Size Doesn’t Matter
A good thing to note is that your butterfly garden can be any size. From a wide-open field of flowers to a small cluster of container plants, it all works. In fact, butterflies often prefer several smaller locations scattered throughout your property as opposed to one large area.
Another idea would be to create a few spots within your already established garden to plant a butterfly’s favorite collection of plants. Maybe even reserve two or three of your raised beds just for the butterflies and other pollinators.
The Right Plants – How To Create A Butterfly Garden
To have a truly successful butterfly garden, be sure to plant not only flowers that will attract butterflies but also those that will be a great host to their eggs and caterpillars as well. Include a variety of heights, colors, and blooming times for best results.
Best Choices For Butterflies
Unlike some pollinators, butterflies actually need to land in order to feed on the nectar of plants. So choose plants that feature larger, flat petals or ones that are tubular in nature.
Butterflies will feed on any flower that has nectar, but they do tend to have some types they prefer over others. Some species of butterflies will have their own preferences, so if you are hoping to attract a specific species, be sure to look up information about their favorite and include it in your butterfly garden space.
Flowers like coneflowers, phlox, aster, yarrow, alyssum, bee balm, dianthus, sedum, black-eyed susan, and butterfly bushes are all great options. Be sure to include nectar-rich flowers like cosmos, zinnias, petunias, and lantana as well.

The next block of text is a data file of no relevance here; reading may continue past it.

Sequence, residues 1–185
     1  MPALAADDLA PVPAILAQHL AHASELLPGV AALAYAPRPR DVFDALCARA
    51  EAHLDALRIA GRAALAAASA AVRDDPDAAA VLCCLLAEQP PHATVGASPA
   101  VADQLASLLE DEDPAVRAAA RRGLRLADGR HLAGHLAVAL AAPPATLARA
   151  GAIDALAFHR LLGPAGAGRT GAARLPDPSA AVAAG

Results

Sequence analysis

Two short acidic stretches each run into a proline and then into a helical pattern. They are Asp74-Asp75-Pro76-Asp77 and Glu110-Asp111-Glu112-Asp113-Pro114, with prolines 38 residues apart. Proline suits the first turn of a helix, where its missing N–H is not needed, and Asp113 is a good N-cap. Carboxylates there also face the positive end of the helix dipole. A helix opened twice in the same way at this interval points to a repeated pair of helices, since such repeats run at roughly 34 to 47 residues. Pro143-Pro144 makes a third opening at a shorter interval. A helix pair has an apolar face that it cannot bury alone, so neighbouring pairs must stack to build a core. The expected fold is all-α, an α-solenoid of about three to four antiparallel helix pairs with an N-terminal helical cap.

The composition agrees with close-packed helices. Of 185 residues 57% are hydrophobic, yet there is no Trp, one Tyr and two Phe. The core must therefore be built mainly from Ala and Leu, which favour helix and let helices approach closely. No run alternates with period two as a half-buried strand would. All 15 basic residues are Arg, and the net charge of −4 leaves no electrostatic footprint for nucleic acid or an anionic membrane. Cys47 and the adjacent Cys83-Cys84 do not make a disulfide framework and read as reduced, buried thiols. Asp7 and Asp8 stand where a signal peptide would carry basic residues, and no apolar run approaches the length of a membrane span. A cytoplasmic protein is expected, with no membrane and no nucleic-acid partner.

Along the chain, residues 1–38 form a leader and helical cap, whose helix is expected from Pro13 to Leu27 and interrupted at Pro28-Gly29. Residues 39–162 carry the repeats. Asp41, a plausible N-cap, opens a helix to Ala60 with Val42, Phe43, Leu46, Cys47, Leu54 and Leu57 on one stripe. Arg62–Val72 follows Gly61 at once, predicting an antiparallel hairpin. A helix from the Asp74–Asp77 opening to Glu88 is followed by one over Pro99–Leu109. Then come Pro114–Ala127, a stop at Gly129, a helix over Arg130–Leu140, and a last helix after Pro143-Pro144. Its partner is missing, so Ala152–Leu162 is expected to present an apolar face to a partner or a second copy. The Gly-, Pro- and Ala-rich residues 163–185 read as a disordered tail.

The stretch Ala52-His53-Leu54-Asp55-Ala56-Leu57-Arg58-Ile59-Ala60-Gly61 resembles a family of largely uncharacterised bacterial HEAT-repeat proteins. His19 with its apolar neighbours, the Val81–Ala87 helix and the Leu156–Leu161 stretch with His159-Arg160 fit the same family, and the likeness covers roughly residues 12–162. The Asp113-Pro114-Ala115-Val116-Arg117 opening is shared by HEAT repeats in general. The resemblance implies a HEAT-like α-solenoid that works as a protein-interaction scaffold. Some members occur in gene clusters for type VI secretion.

Choices For Caterpillars
While butterflies feed on the sweet nectar of the blooms, caterpillars feed on the plant’s foliage instead. Dill, carrot, parsley, fennel, and milkweed are some of the caterpillars’ favorites.
The best choices will really depend on the species of butterfly you are hoping to attract,. With that in mind, here are some of the most common butterflies of North America and their favorite host plants as well as preferred nectar choices:
– Host: Carrot, dill, fennel, milkweed, parsley
– Nectar: Butterfly weed, coneflower, milkweed, oregano, zinnia
– Host: Gerardias, monkey flowers, plantains, snapdragons
– Nectar: Sunflower, white clover
– Host: Alfalfa, clovers, partridge pea, Senna
– Nectar: Goldenrod, hibiscus, lantana, sage, zinnia
Cabbage Whites (FYI: These butterflies may be unwanted if you are growing brassicas to eat yourself!)
– Host: Brassicas, mustard greens
– Nectar: Aster, brassicas
– Host: Citrus, hoptree, lime, prickly ash
– Nectar: Butterfly bush, lantana, milkweed, zinnias
– Host: Milkweed
– Nectar: Aster, coneflower, heliotrope, lantana, marigold, milkweed, mustard greens, zinnia
– Host: Hollyhock, sunflower, thistle
– Nectar: Aster, buttonbush, cosmos, ironweed, milkweed, red clover, thistle
– Host: Nettles
– Nectar: Dogbane, lantana, marigold, privet